High-Performance Nonsense

Quiz time. Get out your No. 2 computers and answer the following question: For the fastest and most reliable high-end computing for your enterprise, will your operating system be 1) Linux, 2) Solaris, 3) OpenVMS or 4) Windows?

OK, put your mice down. If you answered Linux, give yourself 10 points; Solaris, 9 points; OpenVMS, 8 points; Windows -- pardon me, what are you doing in this class? Remedial IT is down the hall. Just listen for the chorus of "Are you sure your PC's power cord is plugged into the wall socket?" You can't miss it.

Microsoft, after spending decades paying no real attention to high-performance computing, wants to be an HPC player with the release of HPC Server 2008. Can you believe it? Yes, there was Windows Compute Cluster Server 2003. After a long search, I found one user. He told me, "Updates that require reboots are far too frequent for production-use systems," "Jobs randomly crash," and "Few HPC applications actually support Windows compute nodes."

Will HPC Server 2008 be any better? I don't see how it can be, really. On the plus side, it's built on top of Server 2008. To me, Server 2008 is easily the best Windows server operating system ever. But a good, solid server is only the start for HPC. While HPC Server 2008 has all the right buzzwords -- high-speed networking support, cluster management tools, advanced fail-over capabilities, etc. -- it also has all of Windows' historical baggage of bugs and bloat.

In addition, HPC Server 2008 requires signed drivers. That means that although in theory it will support high-speed networks, if your network fabric vendor hasn't jumped through Microsoft's driver hoops, you won't be able to use its products with HPC Server. For example, QLogic has just started working on beta drivers for its InfiniBand networking products.

Now take Linux. More than 80% of the world's fastest supercomputers already run Linux. Many of the major stock exchanges are switching over to Linux, usually from Solaris. To the best of my knowledge, the only important stock exchange that runs Windows is London's. You know, the one that crashed for an entire day a few weeks back. Flops like that sure make me want to put my enterprise's most important high-speed computing on Windows. Yes, indeed.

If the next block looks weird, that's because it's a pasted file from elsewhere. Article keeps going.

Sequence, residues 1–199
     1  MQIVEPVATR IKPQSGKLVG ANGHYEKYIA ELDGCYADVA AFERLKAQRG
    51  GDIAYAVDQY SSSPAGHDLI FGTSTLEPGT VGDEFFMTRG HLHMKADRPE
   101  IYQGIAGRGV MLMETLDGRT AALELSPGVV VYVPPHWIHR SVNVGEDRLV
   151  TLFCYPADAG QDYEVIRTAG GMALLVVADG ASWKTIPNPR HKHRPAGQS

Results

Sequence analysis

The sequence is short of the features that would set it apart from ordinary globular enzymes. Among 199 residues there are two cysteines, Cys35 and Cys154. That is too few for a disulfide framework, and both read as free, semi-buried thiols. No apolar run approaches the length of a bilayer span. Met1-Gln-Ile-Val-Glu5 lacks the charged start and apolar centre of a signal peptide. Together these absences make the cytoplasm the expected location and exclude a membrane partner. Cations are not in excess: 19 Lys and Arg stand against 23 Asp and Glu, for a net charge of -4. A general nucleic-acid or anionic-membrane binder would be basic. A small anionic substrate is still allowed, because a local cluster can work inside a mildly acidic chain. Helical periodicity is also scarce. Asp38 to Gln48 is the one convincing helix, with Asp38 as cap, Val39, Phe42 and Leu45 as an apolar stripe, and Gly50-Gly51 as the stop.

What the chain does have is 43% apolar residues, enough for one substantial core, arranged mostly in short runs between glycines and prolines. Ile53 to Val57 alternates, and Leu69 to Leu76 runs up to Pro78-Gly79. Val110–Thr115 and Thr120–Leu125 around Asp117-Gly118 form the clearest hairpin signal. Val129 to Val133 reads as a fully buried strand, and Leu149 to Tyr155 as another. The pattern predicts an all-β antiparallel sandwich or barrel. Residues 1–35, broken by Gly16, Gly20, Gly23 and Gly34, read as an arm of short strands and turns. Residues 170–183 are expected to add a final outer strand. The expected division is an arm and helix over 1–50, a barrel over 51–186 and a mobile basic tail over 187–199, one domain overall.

Linux, Solaris, OpenVMS and other high-end operating systems like AIX, HP-UX and z/OS already have tried-and-true hardware support and working HPC applications. To do HPC right is always challenging, but there are already many excellent products out there. I just can't imagine trying to build a corporate HPC at this point on not only an unproven operating system, but one that's based on a system that was never, ever meant for high-end computing.

Despite all this, I've been reading comparisons between Windows HPC and the just-announced Red Hat HPC Solution, which combines Red Hat Enterprise Linux with Platform Computing's Platform Open Cluster Stack 5. The discussion has been focusing on the license fees. Excuse me?

While looking at the real price of software is always interesting if you're a CIO or CFO -- especially when it's Microsoft's maze of Enterprise Assurance maintenance agreements and Client Access Licenses -- let's get real. Windows often requires you to reboot for major updates. Linux doesn't. Let's say you need to reboot, as a matter of course, six times a year with Windows HPC. With Linux, you don't.

If you think that doesn't sound like much, think again. This is HPC, not your PC, and not your ordinary server. Six hours of downtime in a year, all by itself, is a major failure in HPC. I don't care what kind of sweetheart deal you're getting from Microsoft; there's no way you, or anyone else, can afford Microsoft HPC Server 2008.

Steven J. Vaughan-Nichols has been writing about technology and the business of technology since CP/M-80 was cutting-edge and 300bit/sec. was a fast Internet connection -- and we liked it! He can be reached at sjvn@vna1.com.

This version of the story originally appeared in Computerworld's print edition.

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Copyright © 2008 IDG Communications, Inc.

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